Some scholars aver that the principle of political equality as expressed in the concept of ‘One person, one vote’ is not without its inherent problems and contradictions. In the first place, it is not a clearly defined or determinable principle. It is only promoted as an article of democratic faith. This is so even when it is expressed in the adult suffrage which is a branch of the universal suffrage that gives the right to vote to all adults irrespective of socio-economic status, gender, ethnicity, race, colour, religion, beliefs, educational status, conditions of servitude or other limitations with the exceptions of legal disabilities like insanity and, in some cases, criminal convictions.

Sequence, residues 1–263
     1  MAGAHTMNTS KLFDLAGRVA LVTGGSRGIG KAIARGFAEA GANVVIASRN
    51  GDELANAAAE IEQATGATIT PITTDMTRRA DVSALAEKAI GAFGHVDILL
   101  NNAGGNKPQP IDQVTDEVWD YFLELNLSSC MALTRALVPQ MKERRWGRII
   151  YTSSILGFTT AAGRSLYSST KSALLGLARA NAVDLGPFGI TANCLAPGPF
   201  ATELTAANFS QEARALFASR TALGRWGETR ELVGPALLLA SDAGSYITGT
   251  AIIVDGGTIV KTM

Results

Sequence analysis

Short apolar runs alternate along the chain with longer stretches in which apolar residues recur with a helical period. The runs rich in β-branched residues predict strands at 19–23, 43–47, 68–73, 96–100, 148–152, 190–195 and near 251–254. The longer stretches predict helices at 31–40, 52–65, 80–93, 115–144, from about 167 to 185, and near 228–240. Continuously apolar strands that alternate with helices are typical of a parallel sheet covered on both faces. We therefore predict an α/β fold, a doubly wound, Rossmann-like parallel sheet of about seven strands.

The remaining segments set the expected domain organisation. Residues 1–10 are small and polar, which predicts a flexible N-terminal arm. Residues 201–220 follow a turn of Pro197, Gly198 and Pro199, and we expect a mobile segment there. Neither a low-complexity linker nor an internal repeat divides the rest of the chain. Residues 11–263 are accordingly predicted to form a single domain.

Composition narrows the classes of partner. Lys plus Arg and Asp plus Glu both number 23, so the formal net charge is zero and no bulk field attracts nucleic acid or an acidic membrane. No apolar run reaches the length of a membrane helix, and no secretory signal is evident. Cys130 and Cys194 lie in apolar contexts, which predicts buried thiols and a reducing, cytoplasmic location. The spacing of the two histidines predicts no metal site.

Secondly, the ‘One person, one vote’ principle presupposes that those with the vote will use it for the common good and have the capacity to relate political issues to the totality of their being or socio-economic lives. But this is hardly the case. Besides being sellable and buyable, the vote is often utilised in pursuit of selfish interests – pursuits unconnected to the socio-economic, cultural realities of the voter’s constituency. There is also the fear that the vote is susceptible to the very issues that hold back national cohesion and are generating the socio-cultural, economic and political toxins or viruses delimiting the actualisation of all fundamental rights, including political freedoms. Whereas the vote in a representational democracy frees the individual from having to participate directly in governance and gives the individual the right to participate indirectly but effectively through the election of the personnel into elective offices who will, in turn, make or execute laws and policies that best support their interests, it can be used for the election of persons whose agenda is to war against perceived enemies. Also, casting justification of the ‘One person, one vote’ principle solely on the notion that it is as inherent as any other right considered fundamental begs the question of why its universality is pegged on age and mental soundness. If children below the suffrage and people with legal disabilities are justifiably excluded, then the hint is given that the vote may be dangerous in the hands of certain people. Another clear contradiction is the capacity of universal suffrage to trample on the individual’s political right since it is blind to an individual or peculiar identities and is slavish to the will of the majority. The right of the majority has the capacity to dilute or neutralise the right of the individual. It is, therefore, not enough to have the right to vote and access to the ballot box to cast the vote. Its susceptibility to dilution diminishes the power of the individual to participate in governance, thus demystifying the mythical powers of the ‘One person, one vote’ principle.